In the revised national budget for 2015, presented on the 12th of May 2015, the Norwegian government proposed a reduction of the energy tax for large data centres, effective from the 1st of January 2016. They also signalled a reduction of the corporate income tax.
In the budget proposal the electricity tax for households and the service industries will be increased from 0,1365 NOK to 0,1415 NOK, while the reduced rate of 0,0045 NOK (which traditional industries pay) will stay the same. From the 1st of January 2016, data centres will also be charged the reduced rate.
The change will of course have to go through Parliament this fall. There is broad political consensus in the Parliament for such a reduction. No political parties have been against the reduction of the energy tax for data centres; several parties outside of the government included a reduction in their alternative budgets last year; and several environmental organisations have applauded the government’s actions.
Justifications and consensus
Norway has a surplus of renewable electricity and the environmentalists deem it wise to utilize parts of this surplus for more industrial consumption in Norway, because consumption of energy locally by industries producing services for the international market could replace the use of fossil-based electricity elsewhere, thereby reducing the amount of fossil-based electricity being used globally.
The conservative Government does not allude to such environmental benefits in their proposal, but rather to the competitiveness of the budding Norwegian data centre industry.
This dual justification, both environmental and financial, gives the issue such a broad political foundation. All parties agree that Norway has traditionally been a fossil fuel-driven economy and now needs greener industrial legs to stand on.
The road ahead – EU and definitions
Going forward, the Ministry of Finance and the Ministry of Trade, Industry and Fisheries will work together to see whether the changes need to be notified to the proper authorities in the EU. If so, they will notify so that the change can take effect next year.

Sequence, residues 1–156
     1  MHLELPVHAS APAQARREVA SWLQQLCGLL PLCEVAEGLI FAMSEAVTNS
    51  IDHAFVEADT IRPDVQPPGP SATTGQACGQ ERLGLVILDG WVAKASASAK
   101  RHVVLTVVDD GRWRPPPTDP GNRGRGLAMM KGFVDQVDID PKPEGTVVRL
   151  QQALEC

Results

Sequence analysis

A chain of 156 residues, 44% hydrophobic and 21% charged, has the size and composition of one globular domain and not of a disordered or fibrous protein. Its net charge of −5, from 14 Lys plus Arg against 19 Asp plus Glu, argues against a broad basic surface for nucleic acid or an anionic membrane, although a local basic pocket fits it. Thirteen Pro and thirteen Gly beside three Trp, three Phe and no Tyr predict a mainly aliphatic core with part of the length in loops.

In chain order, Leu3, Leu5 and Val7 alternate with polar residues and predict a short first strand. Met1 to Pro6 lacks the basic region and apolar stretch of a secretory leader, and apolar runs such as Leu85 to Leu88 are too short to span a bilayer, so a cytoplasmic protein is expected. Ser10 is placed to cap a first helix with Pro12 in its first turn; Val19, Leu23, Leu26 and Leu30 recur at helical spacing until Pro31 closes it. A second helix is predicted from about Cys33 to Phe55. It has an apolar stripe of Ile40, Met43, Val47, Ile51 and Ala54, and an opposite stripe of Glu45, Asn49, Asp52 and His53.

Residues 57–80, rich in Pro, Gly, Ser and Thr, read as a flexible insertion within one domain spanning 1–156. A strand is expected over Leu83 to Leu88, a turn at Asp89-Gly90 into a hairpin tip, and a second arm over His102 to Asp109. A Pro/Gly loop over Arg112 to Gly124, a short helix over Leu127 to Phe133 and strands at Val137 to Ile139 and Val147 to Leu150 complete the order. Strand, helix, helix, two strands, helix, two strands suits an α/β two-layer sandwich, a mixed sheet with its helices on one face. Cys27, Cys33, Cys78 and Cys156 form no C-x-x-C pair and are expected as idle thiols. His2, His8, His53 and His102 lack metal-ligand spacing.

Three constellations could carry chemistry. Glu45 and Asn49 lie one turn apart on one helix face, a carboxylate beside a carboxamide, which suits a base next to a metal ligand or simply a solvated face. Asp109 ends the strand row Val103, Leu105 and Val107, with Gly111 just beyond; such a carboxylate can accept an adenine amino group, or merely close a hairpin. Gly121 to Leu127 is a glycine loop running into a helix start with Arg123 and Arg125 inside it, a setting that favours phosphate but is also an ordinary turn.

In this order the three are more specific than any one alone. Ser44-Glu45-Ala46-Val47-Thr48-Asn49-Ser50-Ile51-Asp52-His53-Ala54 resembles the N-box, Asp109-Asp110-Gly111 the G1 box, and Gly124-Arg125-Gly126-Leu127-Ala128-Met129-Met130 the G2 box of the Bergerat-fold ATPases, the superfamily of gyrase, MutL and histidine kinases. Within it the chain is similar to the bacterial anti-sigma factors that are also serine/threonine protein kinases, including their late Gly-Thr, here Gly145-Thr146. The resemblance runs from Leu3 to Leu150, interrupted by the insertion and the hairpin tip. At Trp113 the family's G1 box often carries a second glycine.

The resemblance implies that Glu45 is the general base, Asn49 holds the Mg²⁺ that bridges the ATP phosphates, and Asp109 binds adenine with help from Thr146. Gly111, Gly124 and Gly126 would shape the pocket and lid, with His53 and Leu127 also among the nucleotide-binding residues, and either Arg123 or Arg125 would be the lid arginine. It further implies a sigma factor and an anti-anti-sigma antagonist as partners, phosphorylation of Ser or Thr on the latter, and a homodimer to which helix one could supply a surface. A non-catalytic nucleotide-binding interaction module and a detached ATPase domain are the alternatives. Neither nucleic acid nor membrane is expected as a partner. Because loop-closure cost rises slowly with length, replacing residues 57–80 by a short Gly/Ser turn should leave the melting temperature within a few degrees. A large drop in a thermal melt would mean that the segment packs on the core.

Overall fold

Norway, although not a member of the EU, is a member of the common market and follows all EU directives. Copying the Finnish model that the EU has already approved – allowing data centres with an energy consumption above 5 MW to pay the reduced rate currently applying to traditional industries – should greatly increase the likelihood of the new Norwegian tax policy being approved by the EU.
The proposal explicitly states that the energy tax for “large” data centres will be reduced to the reduced rate that industry is taxed with. However, the definition of large data centres needs to be specified.
Income tax – future reductions
The Government has also received a report suggesting that they reduce the income tax for corporations as well as individuals from 27 to 20 per cent. The government states in the revised budget that they will use this report as the foundation of their work on the matter. They have thus signalled a reduced tax without specifying the amount of the reduction or the timeline for such a reduction.
The tax report was commissioned by the former government. There is broad political consensus that a reduction should take place, but the level and rate of reduction are unclear.
Benedicte Fasmer Waaler is a Norwegian datacenter expert, working for Invest in Norway and ICT Norway